Gatlinburg man remembered as a good friend
Collin Colbert had only been here a few years, but it was long enough to make a lasting impression on the friends and family members who filled the Calhoun's banquet hall Monday.
Colbert was one of three people found murdered in a homeless camp in Knoxville earlier this month. He was 29. His friends say he had been in treatment for alcoholism, but had apparently checked himself out and had been living on the streets
Many of them said they would have given him a place to stay if he'd asked.
"We think he didn't want us to know (that he had left rehab and had been living in a homeless camp)," said Beth Kizer, who helped organize the service. "I feel like he thought we'd be disappointed, but we wouldn't have."
She said police believe that three other people at the camp had murdered the first two victims, and then killed Colbert because he wouldn't keep silent about the other murders.
They want people who've heard about his murder to know who he was beyond how and where he died. And they wanted to remind his friends to be ready to let a judge know the impact of his loss when the time comes.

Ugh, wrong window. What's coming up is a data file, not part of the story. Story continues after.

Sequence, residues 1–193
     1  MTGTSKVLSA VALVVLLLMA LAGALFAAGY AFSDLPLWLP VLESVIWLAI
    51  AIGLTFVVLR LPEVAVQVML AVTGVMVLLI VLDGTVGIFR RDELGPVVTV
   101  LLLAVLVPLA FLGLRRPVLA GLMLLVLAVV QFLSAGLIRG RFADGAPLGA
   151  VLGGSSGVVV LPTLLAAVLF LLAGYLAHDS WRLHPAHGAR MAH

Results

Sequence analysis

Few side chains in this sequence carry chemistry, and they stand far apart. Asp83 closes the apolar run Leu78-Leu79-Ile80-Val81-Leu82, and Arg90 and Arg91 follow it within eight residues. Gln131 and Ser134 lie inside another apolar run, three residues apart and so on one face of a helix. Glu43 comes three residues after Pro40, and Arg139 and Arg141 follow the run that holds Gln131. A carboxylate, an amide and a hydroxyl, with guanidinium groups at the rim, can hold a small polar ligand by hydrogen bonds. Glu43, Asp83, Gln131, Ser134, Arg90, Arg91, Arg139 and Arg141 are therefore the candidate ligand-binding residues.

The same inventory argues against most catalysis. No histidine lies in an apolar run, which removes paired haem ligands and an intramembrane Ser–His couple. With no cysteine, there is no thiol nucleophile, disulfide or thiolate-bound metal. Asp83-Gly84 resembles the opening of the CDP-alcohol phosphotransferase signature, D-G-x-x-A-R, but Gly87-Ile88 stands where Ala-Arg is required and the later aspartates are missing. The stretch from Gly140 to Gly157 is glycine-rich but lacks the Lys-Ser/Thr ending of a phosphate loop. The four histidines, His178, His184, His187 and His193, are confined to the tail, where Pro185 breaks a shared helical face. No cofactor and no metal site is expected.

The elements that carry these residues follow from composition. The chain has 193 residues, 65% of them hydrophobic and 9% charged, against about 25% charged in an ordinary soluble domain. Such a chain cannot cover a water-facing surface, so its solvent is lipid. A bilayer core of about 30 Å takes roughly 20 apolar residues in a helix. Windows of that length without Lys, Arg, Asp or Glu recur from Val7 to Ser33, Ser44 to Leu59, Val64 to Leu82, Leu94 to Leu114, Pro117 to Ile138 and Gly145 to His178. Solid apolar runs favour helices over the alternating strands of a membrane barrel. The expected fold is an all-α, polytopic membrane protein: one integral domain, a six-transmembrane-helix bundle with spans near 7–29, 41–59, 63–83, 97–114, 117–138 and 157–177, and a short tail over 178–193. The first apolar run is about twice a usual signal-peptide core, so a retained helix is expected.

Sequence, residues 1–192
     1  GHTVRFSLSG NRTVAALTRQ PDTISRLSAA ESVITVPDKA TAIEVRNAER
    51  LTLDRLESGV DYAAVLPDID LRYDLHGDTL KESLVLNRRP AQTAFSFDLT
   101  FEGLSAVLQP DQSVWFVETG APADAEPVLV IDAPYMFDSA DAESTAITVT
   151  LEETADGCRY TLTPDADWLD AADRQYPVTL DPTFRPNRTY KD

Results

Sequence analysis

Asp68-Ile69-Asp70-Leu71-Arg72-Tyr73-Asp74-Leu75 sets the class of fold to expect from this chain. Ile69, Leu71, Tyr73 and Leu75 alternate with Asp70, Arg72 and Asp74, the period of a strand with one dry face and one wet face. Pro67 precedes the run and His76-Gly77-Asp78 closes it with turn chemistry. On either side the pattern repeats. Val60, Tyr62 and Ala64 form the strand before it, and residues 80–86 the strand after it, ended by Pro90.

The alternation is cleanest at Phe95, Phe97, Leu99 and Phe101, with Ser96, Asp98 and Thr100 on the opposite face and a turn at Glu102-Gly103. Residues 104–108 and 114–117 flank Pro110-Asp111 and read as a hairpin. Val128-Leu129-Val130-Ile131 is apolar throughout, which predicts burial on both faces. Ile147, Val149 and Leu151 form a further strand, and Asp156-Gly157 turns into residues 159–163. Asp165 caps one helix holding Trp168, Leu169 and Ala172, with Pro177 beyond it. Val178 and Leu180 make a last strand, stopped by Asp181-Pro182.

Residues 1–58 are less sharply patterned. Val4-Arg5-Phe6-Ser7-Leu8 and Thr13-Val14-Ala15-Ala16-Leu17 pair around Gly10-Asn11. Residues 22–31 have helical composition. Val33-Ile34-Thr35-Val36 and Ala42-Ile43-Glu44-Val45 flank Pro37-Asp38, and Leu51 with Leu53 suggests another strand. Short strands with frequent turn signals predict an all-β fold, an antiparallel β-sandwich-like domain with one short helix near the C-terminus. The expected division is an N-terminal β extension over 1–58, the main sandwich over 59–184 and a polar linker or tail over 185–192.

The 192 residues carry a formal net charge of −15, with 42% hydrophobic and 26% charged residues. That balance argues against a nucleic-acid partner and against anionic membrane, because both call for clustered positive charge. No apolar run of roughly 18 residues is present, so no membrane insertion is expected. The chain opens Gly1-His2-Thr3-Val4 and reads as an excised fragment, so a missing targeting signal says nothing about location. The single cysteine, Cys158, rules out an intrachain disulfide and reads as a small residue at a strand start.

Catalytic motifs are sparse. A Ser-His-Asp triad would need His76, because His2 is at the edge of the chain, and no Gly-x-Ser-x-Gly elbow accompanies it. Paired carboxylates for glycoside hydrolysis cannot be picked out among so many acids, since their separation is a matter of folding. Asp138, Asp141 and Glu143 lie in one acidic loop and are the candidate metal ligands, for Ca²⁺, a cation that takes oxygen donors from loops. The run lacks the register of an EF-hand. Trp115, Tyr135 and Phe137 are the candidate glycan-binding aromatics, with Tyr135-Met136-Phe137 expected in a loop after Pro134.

Colbert moved from Chicago to Gatlinburg a few years ago to stay with his aunt, one of his last living relatives, after the grandmother who raised him died.
The first thing his friends and family mentioned was his love of sports, and of all the teams from his home in Chicago. Many wore White Sox caps as a tribute to him.
After moving here, he started working for the Copper Cellar chain of restaurants. Many of his friends were people he'd met through work.
They said it was hard to imagine Colbert getting into any kind of altercation. He rarely lost his temper.
"He was never stressed," said Lauren Beebe. "He was a good friend. Just talking to him made you feel better."
They acknowledged he had struggled. He had a difficult childhood, and some of them said he often seemed to feel he was alone despite the friends he made.
Delivering his eulogy, Cris Corneliussen said Colbert's coworkers had become an extended family to him.
"For all the problems he had, he was always there and always gave you a smile," he said.
Now, he said, they need to stick together to see that, when the time comes, justice is done for him.
"If we remain Collin's family, I think we can all get through this," he said.